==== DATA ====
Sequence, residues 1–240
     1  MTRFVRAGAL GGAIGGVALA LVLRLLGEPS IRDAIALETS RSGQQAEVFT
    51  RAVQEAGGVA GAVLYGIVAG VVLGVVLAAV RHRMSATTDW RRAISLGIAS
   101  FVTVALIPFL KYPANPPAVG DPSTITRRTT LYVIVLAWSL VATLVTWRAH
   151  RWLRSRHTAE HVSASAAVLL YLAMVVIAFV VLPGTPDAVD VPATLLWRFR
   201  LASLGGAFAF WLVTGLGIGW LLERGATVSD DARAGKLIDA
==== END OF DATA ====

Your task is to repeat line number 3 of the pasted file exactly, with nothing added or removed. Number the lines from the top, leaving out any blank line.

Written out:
    51  RAVQEAGGVA GAVLYGIVAG VVLGVVLAAV RHRMSATTDW RRAISLGIAS